boggsunleashedHello, my name’s Johnny (yes, Johnny; it’s on my birth certificate), and I’m an addict.

Not booze, gambling or anything illegal. But it is a serious habit. Cowboy boots can get expensive.

I’m not alone. Early Westerners had similar issues with (lack of) control. Look at waddies who’d fork over a lot of money to dudes like Joe Justin and T.C. McInerney so they could belly up to the bars in St. Joe and Abilene in a pair of boots with star inlays. Look at O.K. Corral “Cowboy” Johnny Ringo, found dead with his boots allegedly tied to his saddle. Maybe he (suicide theory) or his killer (murder theory) didn’t want to get blood on them. I understand. I’m an addict.

The first pair of boots I remember were the Dingos I got in my teens. Those harness boots featured a toe looking like Play-Doh that had kicked a brick wall. Then came the gray calfskin Tony Lamas I bought in Texas when I was 22. The serious addiction began when I got a pair of custom, handmade Stallions. Then I started writing about boots, and, well, if you’re writing about Paul Bond, Dave Little, Lucchese, et al, you need firsthand knowledge. Right?

Jim Arndt knows what I mean. You know Jim, especially if you’re a boot addict. Jim is one too. The habit grabbed hold of him when he was six or seven.

“My uncle got me a pair, and I wore them all the time,” he says. “Then, when I was in my 20s, I saw that Austin-Hall would put your initials in boots, and I ordered a pair.” He sighs. “It’s spiraled out of control since then.”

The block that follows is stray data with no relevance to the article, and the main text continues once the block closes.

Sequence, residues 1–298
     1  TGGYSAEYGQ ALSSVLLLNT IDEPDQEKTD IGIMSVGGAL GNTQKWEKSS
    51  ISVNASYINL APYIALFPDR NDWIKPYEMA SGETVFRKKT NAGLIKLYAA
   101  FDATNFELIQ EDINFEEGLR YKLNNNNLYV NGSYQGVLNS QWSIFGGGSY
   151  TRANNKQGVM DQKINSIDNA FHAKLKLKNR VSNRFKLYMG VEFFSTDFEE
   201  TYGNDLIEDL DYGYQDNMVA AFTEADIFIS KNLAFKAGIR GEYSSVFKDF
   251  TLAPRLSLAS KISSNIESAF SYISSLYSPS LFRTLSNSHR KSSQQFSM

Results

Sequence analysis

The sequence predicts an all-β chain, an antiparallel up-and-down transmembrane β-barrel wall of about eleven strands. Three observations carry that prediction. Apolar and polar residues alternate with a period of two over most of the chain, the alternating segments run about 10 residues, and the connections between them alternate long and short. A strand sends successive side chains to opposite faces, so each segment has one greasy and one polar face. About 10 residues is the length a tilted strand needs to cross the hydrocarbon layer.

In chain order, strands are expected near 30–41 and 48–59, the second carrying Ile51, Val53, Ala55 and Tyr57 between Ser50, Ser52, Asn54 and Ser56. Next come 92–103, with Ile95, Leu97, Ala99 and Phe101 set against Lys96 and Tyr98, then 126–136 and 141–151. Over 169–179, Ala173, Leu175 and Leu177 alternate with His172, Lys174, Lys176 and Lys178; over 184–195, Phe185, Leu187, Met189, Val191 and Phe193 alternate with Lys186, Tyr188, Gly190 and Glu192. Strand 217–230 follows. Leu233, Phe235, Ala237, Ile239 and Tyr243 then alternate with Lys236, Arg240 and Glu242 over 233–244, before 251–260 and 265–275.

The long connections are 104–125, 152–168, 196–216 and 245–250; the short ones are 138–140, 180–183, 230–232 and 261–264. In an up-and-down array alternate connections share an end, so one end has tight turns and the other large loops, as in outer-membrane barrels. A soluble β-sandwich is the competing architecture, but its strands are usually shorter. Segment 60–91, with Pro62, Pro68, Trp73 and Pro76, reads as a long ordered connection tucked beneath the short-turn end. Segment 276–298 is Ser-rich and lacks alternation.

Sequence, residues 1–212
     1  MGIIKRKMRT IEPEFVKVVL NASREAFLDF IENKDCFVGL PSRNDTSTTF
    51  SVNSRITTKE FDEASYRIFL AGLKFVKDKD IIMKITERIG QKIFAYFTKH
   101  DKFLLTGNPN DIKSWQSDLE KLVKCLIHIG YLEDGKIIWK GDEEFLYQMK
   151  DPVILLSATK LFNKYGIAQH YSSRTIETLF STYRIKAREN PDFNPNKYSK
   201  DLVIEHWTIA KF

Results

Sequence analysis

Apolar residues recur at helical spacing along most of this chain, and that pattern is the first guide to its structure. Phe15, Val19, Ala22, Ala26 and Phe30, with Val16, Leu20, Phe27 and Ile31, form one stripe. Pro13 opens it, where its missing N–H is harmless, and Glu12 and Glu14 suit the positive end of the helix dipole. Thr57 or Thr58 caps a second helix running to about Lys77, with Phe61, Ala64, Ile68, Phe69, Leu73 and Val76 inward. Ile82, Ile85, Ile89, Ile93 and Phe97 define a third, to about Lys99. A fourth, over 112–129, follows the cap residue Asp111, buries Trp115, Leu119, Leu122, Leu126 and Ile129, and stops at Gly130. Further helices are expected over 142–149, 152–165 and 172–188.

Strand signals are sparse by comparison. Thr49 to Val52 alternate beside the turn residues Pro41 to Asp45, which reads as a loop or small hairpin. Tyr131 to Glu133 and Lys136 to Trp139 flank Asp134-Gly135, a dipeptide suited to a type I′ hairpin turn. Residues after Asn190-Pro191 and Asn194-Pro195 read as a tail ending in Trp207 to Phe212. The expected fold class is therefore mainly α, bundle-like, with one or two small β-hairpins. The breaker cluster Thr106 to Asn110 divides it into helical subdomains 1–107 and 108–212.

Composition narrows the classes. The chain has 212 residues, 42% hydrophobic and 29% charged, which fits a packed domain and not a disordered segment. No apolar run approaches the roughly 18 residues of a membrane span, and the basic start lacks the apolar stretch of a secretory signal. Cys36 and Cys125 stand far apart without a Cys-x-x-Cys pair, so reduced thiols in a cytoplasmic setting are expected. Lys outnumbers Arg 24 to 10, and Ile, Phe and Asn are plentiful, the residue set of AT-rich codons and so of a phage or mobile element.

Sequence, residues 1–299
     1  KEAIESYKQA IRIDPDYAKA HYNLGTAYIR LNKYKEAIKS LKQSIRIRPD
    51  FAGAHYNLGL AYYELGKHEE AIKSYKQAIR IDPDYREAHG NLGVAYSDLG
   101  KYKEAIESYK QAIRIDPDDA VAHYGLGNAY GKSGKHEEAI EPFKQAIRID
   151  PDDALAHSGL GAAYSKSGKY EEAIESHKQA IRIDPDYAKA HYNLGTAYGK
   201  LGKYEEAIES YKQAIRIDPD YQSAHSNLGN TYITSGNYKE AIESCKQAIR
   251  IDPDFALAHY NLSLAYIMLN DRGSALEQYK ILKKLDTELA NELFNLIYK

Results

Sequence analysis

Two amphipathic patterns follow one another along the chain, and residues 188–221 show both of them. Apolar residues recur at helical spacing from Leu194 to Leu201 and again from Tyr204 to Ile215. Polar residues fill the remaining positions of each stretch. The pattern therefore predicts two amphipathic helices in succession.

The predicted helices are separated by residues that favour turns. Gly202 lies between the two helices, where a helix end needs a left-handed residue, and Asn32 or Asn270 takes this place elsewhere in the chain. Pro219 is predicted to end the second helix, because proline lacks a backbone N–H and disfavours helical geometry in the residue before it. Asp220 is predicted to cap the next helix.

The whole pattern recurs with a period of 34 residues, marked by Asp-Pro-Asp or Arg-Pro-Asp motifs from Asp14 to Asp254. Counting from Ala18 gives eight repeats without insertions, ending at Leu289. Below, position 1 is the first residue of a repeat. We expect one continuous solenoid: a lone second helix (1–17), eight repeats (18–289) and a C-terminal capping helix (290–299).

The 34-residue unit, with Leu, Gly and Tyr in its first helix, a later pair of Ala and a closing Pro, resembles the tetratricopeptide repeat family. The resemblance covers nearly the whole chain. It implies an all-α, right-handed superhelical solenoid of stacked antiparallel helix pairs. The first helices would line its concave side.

Jim is best known for taking pictures of cowboy boots. You see his work in books like The Cowboy Boot Book and Art of the Boot, and in his Cowboy Boot calendars.

I ask him how many boots he owns. He hedges. “It’s over 50.” Finally, he comes clean. (That’s the first step.) “It might be over 75. Let’s say between 50 and infinity.”

That doesn’t count the 50 pairs of vintage boots that don’t fit him.

Jim has me beat. I only own around 25 pairs. But I have Jennifer June beat, and Jennifer is the author of the cool new book Cowboy Boots: The Art & Sole.

“I own 10 pairs,” she says. “A couple pairs are vintage pairs that have been retired to my bookshelves, another three [are so precious] I’d … grab them out of a burning building.”

She blames the bootmakers. (That’s Step Two.) “The ‘problem’ is that with every pair built, a bootmaker gets better at [his] trade,” she says. “And every year, there are new colors and finishes in leather. Have you seen the new sueded alligator? The new painted stingray?… The possibilities are endless.”

I don’t recommend Jennifer’s book for boot addicts. Well, actually, I do, but it won’t help your credit-card balance. Or cure you.

That’s because, as Jim and Jennifer say, there is no cure. It’s hopeless.

“I recommend moderation,” Jennifer says, “and if you can’t manage that on your own, I say choose an excellent bootmaker with a really loooong waiting list. At least you can say you tried.”

Accept your addiction. (That’s the final step.) And be careful. It could be worse. I could be addicted to cowboy hats.

On my office wall, I count only 14 hats.


Johnny D. Boggs wrote this article while wearing black Liberty boots with tooled wingtip and counter foxing. Sweet!

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